Back in 2003, US Department of Agriculture researchers showed that in healthy women, consumption of two servings of sweet Bing cherries (equivalent to 280 grams) following an overnight fast resulted in a marked decrease in plasma uric acid levels. The mean plasma urate fell from a pre-cherry baseline of 214 micromol/L to 183 micromol/L, a reduction of approximately 15%.
This was matched by a concomitant 42% increase in urinary urate excretion three hours after cherry consumption. The finding, say the authors, “supports the reputed anti-gout efficacy of cherries” (Jacob RA, et al. J Nutr. 2003; 133(6): 1826-9).
Cherries are high in vitamin C, which has an inverse relationship to uric acid: as ascorbic acid increases, uric acid decreases. They also contain high levels of antioxidants and anti-inflammatory anthocyanins that have been shown to lower inflammatory markers such as C-reactive protein. Anthocyanins 1 and 2 actively block the COX-1 and COX-2 pathways that promote inflammation.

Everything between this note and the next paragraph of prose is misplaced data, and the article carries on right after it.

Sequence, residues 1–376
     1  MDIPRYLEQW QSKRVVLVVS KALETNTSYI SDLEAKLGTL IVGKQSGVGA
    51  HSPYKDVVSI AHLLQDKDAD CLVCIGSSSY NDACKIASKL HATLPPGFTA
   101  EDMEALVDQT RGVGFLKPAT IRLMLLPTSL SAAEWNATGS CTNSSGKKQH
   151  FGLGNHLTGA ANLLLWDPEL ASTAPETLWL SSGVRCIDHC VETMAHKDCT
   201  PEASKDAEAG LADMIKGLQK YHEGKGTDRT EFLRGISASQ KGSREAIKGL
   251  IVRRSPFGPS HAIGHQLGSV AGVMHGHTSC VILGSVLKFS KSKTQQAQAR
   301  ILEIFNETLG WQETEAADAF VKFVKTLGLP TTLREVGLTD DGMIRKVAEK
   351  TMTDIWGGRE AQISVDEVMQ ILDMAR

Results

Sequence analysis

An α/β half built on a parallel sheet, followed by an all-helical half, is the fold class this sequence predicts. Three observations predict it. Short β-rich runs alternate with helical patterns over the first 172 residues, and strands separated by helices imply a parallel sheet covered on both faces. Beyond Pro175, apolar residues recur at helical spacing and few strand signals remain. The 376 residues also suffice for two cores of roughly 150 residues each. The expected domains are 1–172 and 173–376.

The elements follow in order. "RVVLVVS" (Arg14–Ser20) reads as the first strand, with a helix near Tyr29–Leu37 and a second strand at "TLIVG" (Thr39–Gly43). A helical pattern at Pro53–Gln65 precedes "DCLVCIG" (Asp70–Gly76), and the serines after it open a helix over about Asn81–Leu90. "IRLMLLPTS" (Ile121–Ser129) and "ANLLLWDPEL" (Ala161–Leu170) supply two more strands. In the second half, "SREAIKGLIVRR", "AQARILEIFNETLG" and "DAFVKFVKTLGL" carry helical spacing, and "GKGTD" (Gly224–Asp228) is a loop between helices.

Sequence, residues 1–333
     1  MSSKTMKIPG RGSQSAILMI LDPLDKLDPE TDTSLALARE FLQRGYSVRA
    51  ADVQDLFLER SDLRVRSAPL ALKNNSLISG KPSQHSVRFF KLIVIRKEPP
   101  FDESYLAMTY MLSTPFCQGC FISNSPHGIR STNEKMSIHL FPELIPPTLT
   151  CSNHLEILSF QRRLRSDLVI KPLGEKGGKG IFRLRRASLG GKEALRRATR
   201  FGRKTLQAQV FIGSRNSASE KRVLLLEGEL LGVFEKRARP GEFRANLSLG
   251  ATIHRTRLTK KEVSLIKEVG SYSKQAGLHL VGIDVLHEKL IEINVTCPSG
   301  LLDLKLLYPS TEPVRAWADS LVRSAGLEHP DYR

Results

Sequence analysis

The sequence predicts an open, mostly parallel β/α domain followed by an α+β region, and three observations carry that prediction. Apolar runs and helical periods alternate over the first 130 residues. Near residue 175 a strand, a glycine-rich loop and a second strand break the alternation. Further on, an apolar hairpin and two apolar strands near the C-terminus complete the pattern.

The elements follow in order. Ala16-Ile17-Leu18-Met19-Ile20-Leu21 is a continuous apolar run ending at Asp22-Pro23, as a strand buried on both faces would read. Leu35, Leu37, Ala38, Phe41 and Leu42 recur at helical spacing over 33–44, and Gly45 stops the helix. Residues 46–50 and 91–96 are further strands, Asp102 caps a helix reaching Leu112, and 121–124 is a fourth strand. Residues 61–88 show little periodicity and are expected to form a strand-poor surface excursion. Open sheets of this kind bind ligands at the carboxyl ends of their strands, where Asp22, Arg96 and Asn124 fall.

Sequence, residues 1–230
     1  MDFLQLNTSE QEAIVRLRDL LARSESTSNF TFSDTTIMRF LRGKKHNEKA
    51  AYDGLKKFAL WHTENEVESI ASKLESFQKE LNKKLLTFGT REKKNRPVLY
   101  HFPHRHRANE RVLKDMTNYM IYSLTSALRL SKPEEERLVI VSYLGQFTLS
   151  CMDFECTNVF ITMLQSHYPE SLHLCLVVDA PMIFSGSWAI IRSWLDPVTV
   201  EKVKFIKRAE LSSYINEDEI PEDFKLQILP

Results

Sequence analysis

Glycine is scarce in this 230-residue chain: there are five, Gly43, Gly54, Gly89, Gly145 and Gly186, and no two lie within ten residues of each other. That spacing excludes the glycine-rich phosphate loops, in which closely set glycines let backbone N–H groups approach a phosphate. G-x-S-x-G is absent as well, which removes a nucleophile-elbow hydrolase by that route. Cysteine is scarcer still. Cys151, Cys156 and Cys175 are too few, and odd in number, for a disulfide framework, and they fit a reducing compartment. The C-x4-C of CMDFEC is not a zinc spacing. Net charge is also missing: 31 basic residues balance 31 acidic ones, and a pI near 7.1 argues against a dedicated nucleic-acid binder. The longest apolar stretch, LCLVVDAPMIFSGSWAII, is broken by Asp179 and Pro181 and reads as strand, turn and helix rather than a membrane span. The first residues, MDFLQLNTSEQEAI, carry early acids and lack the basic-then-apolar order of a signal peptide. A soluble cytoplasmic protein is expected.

Several nutraceutical companies are trying to translate the positive data on cherries into new supplement formulas for gout patients. One such product, called N2Gout and made by Vinco, contains 600 mg sweet cherry powder per capsule, along with 30 mg turmeric extract, and 3 mg pantothenic acid (Vitamin B5).
The company claims that N2Gout is most effective when taken daily for prevention, but also may be used during flare-ups. The dosage is 2-4 capsules, in divided doses, for “mild discomfort” and up to 6 capsules, in divided doses, for an acute gout attack.
Vinco acknowledges that there are no product-specific clinical studies of N2Gout, but they did use available clinical research to guide their choice of ingredients and dose levels.
We clearly need more science on cherries, and other food-based options for management of gout. That said, there’s little harm in adding a daily serving of cherries—fresh, frozen, or in supplement form—to one’s daily food routine. The tasty fruits certainly can’t hurt, and very well might help.
Sarah Arvelo holds a Master’s degree in Clinical Nutrition and Integrative Health from Maryland University of Integrative Health and also teaches yoga classes in Washington, DC.